As I see it, the resolution of my life’s trajectories brings me to this point, this present, this now. It seems to me that taking the measure of one’s life, regrets and all, is about the ability to say “okay, I’m good here and I will continue to strive.” It is an eternal balance between letting go and holding on because to have no regrets is a life without learning and to wallow in regrets is a life without purpose.
The current Covid19 global pandemic has tugged us further into living in and for the moment. It also shines a glaring spotlight on systemic injustices and inequities that allow people with privilege to stay home rather than negotiating the frontlines and trenches of in-person work. This reinforces my belief that the greatest privilege is the privilege of mobility, the ability to move between spheres of existence whether physical, emotional, social, geographical, intellectual, or economic. That’s why boxing people into hierarchical slots and labelling them as this or that is an act of oppression. It denies individuals the right to move across boundaries and between spaces, in a material as well as a metaphorical sense, perpetuating existing power structures and historical patterns of domination.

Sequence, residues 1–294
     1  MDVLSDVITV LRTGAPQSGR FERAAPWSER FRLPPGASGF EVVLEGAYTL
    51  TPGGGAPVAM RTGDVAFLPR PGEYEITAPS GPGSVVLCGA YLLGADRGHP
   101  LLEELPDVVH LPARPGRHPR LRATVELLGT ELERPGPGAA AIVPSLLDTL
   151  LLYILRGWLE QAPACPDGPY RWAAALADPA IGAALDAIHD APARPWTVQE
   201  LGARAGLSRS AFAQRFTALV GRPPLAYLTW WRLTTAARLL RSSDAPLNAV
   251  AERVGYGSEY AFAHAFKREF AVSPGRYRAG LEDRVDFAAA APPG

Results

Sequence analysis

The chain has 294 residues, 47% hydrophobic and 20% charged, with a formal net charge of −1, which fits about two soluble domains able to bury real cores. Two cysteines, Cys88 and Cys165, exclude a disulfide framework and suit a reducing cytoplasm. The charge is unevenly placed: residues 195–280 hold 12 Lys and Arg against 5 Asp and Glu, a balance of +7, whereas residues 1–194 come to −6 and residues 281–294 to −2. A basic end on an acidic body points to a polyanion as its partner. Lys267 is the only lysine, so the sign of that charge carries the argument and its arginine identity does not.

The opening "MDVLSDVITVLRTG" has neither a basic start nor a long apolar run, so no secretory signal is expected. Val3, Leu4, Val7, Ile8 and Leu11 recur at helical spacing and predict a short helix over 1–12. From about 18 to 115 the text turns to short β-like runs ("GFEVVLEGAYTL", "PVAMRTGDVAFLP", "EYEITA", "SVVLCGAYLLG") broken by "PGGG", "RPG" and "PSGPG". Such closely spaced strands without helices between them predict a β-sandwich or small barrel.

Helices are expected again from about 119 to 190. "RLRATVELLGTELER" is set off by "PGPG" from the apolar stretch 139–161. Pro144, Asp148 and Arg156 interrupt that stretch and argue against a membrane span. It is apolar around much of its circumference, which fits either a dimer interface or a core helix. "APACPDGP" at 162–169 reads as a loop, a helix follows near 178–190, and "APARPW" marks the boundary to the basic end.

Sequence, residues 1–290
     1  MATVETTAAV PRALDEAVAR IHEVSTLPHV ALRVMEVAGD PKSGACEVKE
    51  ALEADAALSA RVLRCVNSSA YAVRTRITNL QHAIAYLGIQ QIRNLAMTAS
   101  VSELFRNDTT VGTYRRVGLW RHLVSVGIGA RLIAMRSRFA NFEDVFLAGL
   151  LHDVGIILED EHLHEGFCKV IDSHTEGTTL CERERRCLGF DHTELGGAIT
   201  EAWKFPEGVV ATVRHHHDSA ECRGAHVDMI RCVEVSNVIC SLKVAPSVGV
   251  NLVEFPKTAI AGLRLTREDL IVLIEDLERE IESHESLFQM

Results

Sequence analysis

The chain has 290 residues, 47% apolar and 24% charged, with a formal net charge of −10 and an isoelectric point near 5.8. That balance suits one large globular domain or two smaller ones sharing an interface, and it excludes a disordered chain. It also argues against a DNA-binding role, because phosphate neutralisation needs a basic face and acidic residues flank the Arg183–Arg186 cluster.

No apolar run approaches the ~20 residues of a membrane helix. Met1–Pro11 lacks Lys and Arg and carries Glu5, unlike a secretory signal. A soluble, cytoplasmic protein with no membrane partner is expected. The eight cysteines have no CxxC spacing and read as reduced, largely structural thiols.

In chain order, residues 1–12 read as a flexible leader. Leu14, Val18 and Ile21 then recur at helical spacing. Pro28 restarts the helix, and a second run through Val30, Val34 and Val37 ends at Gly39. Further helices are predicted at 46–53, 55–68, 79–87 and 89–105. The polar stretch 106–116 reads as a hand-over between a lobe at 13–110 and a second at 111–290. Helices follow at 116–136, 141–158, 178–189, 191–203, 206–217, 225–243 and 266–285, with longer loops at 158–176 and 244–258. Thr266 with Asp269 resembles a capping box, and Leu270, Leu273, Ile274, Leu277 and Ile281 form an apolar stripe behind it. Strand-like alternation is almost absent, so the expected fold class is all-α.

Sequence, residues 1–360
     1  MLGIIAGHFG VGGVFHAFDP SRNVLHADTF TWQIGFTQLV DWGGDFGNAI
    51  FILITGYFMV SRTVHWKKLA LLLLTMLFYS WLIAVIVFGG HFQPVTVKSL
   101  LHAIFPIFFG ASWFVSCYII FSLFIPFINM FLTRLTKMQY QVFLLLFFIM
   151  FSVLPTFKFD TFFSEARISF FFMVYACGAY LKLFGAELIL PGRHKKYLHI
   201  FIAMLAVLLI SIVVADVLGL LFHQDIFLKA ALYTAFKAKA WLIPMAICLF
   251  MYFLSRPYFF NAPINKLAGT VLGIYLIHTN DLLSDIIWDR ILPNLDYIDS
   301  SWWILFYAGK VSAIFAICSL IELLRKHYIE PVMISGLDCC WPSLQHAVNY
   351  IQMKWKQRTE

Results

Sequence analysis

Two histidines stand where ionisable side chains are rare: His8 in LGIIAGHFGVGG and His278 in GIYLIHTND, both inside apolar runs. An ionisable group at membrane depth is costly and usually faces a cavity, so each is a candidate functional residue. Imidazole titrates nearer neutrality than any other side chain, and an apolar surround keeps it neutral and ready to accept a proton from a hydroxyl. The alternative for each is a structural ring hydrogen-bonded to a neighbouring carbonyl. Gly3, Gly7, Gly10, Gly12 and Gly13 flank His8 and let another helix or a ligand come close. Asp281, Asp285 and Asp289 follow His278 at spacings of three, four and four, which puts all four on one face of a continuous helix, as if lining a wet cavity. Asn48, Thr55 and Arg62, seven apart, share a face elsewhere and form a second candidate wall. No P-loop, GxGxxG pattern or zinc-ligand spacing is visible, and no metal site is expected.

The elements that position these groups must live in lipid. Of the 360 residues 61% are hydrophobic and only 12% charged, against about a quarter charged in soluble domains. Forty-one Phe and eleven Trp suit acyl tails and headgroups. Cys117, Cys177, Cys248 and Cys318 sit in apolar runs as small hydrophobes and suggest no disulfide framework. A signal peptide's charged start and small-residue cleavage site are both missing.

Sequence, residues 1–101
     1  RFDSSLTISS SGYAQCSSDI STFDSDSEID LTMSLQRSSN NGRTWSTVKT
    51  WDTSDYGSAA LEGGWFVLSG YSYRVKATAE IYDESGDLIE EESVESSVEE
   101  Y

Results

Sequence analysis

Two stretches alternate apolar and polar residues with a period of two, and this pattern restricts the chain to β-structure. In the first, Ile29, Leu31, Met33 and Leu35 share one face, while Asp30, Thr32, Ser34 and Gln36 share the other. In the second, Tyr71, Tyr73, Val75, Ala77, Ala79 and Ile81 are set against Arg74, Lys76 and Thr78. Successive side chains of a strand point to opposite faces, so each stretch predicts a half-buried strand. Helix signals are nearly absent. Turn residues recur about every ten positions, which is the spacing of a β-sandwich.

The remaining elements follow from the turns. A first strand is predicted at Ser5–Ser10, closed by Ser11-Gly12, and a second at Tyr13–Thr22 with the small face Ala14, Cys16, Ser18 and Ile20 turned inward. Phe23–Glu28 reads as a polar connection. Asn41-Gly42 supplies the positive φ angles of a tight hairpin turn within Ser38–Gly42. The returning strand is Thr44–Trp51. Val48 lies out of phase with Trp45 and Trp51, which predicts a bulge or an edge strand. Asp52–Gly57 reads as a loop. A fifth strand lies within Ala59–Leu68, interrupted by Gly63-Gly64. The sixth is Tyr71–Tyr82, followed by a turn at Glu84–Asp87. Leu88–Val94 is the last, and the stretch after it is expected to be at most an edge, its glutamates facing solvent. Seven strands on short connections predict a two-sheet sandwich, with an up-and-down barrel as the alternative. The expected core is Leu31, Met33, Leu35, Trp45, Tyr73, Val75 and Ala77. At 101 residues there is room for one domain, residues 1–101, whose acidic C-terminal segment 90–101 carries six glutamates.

While it is easy for me to opine about the life I’ve lived, in a blog post of over 1,000 words, it also projects a certainty and confidence I don’t feel. Rather, take this writing as evidence of what we all have to do. We all have to sit with the unease and discomfort of a future we don’t control and a past we can’t forget.